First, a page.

Angus shake-up as studs sell

Benefits will flow from stud dispersals


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RETIREMENT TIME: John and Joan Woodruff are dispersing their renowned Witherswood Angus stud.

RETIREMENT TIME: John and Joan Woodruff are dispersing their renowned Witherswood Angus stud.

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Stud dispersals will boost other operations and commercial clients.

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Some of Victoria’s most prominent Angus bloodlines will go under the hammer later this year as three of the state’s leading studs hold dispersal sales.

Anvil, Acheron, Yancowinna, Cape Paterson and Witherswood, Taminick – the home of Australia’s most expensive Angus bull - have confirmed dispersal sales for October and November.

Each of the stud principals said the decision to disperse the herds had been made on personal grounds.

Mr Woodruff said while it wasn’t a decision that was taken lightly, “(but) we are at 81 years of age.

“We will be happy to see our genetics made available to other breeders, to advance their operations.”

Mr Woodruff said he and wife Joan had been breeding cattle for 28 years, having founded the stud 20 years ago, after buying Booroomooka Angus females.

“Bloodlines also come from the well regarded Millah Murrah Angus, whose females and bulls feature heavily all through our herd.

We also purchased Te Mania females, Glen Bold, Forres Angus and Aberdeen Angus as well. 

We will be happy to see our genetics made available to other breeders, to advance their operations. - John and Joan Woodruff, Witherswood Angus

“We have always had a great interest and background knowledge of genetics, and the need, in the north-east, for the ‘Witherswood Type of cattle’ that we breed,” the Woodruffs said.

“Our genetics and the ‘Witherswood Type’ are now well regarded and we are a major supplier of bulls in most districts.”

Witherswood Angus was part of a consortium, which purchased Millah Murrah Kingdom K35 in September 2015 for $150,000.

The sale set an Australian record price for an Angus bull.

The dispersal will be held in mid-October, with 400 females to be offered, consisting of cows and calves, donors, weaner heifers and recipients with embryos.

It will be followed by the regular bull sale, in March 2019.

Family reasons:

Anvil stud principal Stephen Handbury said his main motivation was family reasons, as he intended to keep running a commercial operation.

“My main reason, I guess, is family

“Melissa and I have a son who has autism and there are no longer the facilities, in rural Victoria, to assist him,” Mr Handbury said.

TOP BULL: The top priced bull at Anvil's 2017 Spring sale, with with Elders stud stock representative Ross Milne, stud consultant Willie Milne who bought the animal on behalf of Merlewood Angus, Anvil Angus stud principal Stephen Handbury, and Rodwells Yea branch manager Adam Mountjoy.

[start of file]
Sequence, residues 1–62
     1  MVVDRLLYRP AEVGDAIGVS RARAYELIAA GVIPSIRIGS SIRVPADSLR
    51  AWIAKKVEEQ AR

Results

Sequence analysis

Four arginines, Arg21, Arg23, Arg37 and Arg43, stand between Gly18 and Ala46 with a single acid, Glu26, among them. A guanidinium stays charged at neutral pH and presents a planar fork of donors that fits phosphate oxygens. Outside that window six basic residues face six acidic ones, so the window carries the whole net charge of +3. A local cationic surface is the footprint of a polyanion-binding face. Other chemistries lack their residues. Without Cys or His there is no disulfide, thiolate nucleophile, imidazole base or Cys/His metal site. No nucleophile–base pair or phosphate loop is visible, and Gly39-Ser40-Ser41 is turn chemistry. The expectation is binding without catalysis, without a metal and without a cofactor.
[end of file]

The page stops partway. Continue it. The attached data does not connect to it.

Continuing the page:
TOP BULL: The top priced bull at Anvil's 2017 Spring sale, with with Elders stud stock representative Ross Milne, stud consultant Willie Milne who bought the animal on behalf of Merlewood Angus, Anvil Angus stud principal Stephen Handbury, and Rodwells Yea branch manager Adam Mountjoy.

He said the family would be moving to Melbourne and it would be unfair to expect the remaining staff to run the stud.

“We will keep the farm here and just run commercial Angus cattle,” Mr Handbury said.

‘Angus cattle work for us, and we are not changing to Wagyu, full stop.”

Mr Handbury said he had been running Anvil for 15 years.

“It’s not an easy decision but – at the end of the day – it’s family first.”

Anvil would still hold its annual Spring bull sale, as a lead in to the dispersal.

The dispersal would take place over two days, on November 14 and 15, with Anvil keeping some animals back for its commercial operation.

Mr Handbury said he expected strong interest in the 1000 cattle on offer.

Donor cows would be sold with “embryos in the tank.

It’s not an easy decision but – at the end of the day – it’s family first. - Stephen Handbury, Anvil Angus

“If you buy the cow you get all the embryos we have in storage,” Mr Handbury said.

“We have a number of cow families which are exclusive to us, we have built them up over the past decade, and they perform extremely well.”

“Over the decade, we’ve been trying to be an outcross, the main Angus breed, so that’s going to be the biggest interest.”

Former president:

Stud stock consultant Dick Whale said Yancowinna would offer 300 females, 20 embryos and 40 bulls.

He said principal Dennis Ginn was retiring from the stud sector, due to ongoing health problems.

Yancowinna had been running for about 40 years and Mr Ginn would continue with a commercial herd.

“He is going to run steers, he’s not selling farm,” Mr Whale said.

The cattle would be offered at commercial prices, with a small premium for registration.

Mr Ginn was a former president of Angus Australia and had bred cattle to suit all markets, including feedlots.

“He was one of the initial suppliers to the Certified Australian Angus Beef (CAAB)  brand,” Mr Whale said

“He has been conscious of the carcase, as well as maternal attributes, of the Angus breed.”

The sale will take place on October 21 and 22 at Yancowinna.

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